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Meg 2: The Trench Review – Jumped the Shark

Meg 2: The Trench is a cesspool of several over the top ideas that unfortunately ends up feeling far shallower due to how overcrowded with themes it is.

The best part of Meg 2 was when the megalodon charged at Jason Statham, then turned tail and ran screaming, “WE’RE GONNA NEED A BIGGER SHARK!” I’m kidding, of course, but not as much as you may think…

Directed by Ben Wheatley, Meg 2: The Trench follows Jonas Taylor (Jason Statham), a rescue diver working for a Chinese oceanic research station. Said station has been doing research into a trench filled with ancient creatues, including the titular megalodon. When one mission goes awry, it’s up to Jonas to – actually you know what? It’s Jason Statham vs sea monsters, and that’s all that really matters plot-wise.

Look, it is very clear Meg 2 isn’t meant to be critiqued seriously. It stars Jason Statham, an actor known for his over the top action typecasts, and then brings in megalodons and other giant sea monsters. You should not expect masterful plot work here, or memorable characters. Jason Statham here is virtually indistinguishable from all his other works, and is mainly there as action fodder, as are the rest of the cast.

I’ve made it clear for a while that I fundamentally don’t have a problem with those kinds of dumb fun movies. As long as the film’s basic plot structure makes sense and the dumb fun is actually fun, I would gladly turn my brain off and giggle at the insanity. However, that also means that if the movie fails to maintain even that basic level of competence, it is going to lose me faster than sharks are losing their fins to restaurants. Unfortunately, that is the case with Meg 2.

See, what I mean by turning my brain off is that I can enjoy over the top stuff like Jason Statham and a megalodon charging head on at each other like an anime opening. It does not mean I can overlook characters acting like a shark took a bite out of their cerebral functions. For instance, on an expedition, Jonas’s crew gets chased by a megalodon, then sees several more grouping up and heading somewhere. These logic-minded scientists then decide to follow those sharks immediately despite the fact that they were nearly snacked on by them just a minute ago.

loud and clear reviews Meg 2: The Trench film
JASON STATHAM as Jonas in Warner Bros. Pictures’ and CMC Pictures’ sci-fi action thriller “Meg 2: The Trench,” a Warner Bros. Pictures release. (© 2023 Warner Bros. Entertainment Inc. All Rights Reserved.)

The beginning is the most egregious example of these illogical decisions, but even later on there are times where some characters act like their free trial of life expired and they really don’t want to pay for a subscription. It’s those cases where I am taken out of the experience, as that’s when the plot feels contrived. Even with over the top movies, characters still need to act within some acceptable boundaries.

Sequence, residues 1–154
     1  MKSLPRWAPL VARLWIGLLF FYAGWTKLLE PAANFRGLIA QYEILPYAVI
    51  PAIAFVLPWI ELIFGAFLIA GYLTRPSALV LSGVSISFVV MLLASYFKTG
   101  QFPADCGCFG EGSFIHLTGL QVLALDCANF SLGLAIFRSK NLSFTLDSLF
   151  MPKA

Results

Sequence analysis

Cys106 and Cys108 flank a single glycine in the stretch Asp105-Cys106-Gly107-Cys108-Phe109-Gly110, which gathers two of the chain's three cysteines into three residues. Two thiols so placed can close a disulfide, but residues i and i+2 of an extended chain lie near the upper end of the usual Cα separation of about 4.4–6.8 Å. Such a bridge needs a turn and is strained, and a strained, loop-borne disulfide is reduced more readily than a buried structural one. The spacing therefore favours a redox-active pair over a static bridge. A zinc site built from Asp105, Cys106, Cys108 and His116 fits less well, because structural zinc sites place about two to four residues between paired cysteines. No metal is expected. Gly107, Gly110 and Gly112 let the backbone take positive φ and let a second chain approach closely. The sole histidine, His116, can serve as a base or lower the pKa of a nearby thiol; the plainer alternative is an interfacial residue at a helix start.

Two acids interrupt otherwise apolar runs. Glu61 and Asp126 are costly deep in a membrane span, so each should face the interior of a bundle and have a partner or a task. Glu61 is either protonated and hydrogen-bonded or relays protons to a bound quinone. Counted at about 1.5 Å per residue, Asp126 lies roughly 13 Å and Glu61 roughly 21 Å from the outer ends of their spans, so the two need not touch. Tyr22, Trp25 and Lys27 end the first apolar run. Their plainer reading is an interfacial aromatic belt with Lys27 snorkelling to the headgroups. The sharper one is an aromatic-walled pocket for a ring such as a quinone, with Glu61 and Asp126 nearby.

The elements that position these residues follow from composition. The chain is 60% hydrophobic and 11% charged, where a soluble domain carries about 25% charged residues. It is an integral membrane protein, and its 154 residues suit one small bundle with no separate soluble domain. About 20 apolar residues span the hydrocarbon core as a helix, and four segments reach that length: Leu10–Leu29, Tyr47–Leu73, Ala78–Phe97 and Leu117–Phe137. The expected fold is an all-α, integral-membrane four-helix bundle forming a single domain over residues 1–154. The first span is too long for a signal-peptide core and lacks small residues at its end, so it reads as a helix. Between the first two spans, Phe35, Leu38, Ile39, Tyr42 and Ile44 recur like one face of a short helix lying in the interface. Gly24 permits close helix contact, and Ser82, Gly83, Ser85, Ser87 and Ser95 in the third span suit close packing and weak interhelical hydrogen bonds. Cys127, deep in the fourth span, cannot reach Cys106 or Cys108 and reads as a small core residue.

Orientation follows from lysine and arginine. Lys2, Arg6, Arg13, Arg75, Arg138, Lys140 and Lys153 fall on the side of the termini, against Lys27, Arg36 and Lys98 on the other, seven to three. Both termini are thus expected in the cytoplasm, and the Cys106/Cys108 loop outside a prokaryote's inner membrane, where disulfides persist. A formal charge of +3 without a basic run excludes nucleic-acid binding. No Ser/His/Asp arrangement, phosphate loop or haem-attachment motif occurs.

Then there is the fact that this megalodon movie actually doesn’t feature that much megalodon action. You could argue it’s trying to keep the element of suspense, but that doesn’t work when they showed megalodons are out there several times right away. Instead, a good portion is actually dedicated to human antagonists. Granted, I did enjoy just how clichéd they were, and that part certainly seemed intentional. But that doesn’t change how uninteresting those human portions are, for very strange reasons.

See, Jason Statham’s typecast role is the borderline super soldier action hero. When he’s up against megalodons, it’s exciting because it still feels like he’s facing a credible threat, and I actually get somewhat tense during those sequences. But then when he faces soldiers with guns, I immediately breathe a sigh of relief, because there is no way Jason Statham can lose against humans. So that actually lowers my tension and therefore attention to the movie.

But the biggest issue with Meg 2 is that it has far too many fish swimming in its bowl. When you brainstorm ideas for a story, you’d typically narrow the selection down so that they feel cohesive and don’t overcrowd each other. Here, it feels like they used literally every scene and idea they had in the brainstorming process. One moment the film’s a horror story on the sea floor, then it is Jason Statham vs humans, and then we’re having giant creature attacks. And because the film cycles through so many ideas so quickly, the pacing and tone feel about as graceful as a megalodon in a kiddie pool.

All this is a shame, because if these countless ideas had been properly fleshed out, I think we could have had something big here. The climax shows this the most. It is the shining moment of the film, where it feels the truest to its premise and fully embraces its campiness. Look, you have Jason Statham jet skiing on top of a wave and throwing harpoons like he’s Aquaman or something, I don’t think that is a terrible thing to witness. But for the rest of the movie, I was left with just quick bites and nothing to fully savor.

You can do dumb movies, and again, for the climax, I think Meg 2 mostly succeeded. I certainly remember leaving the theater with a grin, and it’s the reason why I am giving this movie an extra half star. But looking at the whole package, it’s far too unfocused with its dumb fun so that I have no idea which dumb fun I should be invested in. It is a classic case of where going bigger isn’t always better.

Meg 2: The Trench is out now on digital and on demand.

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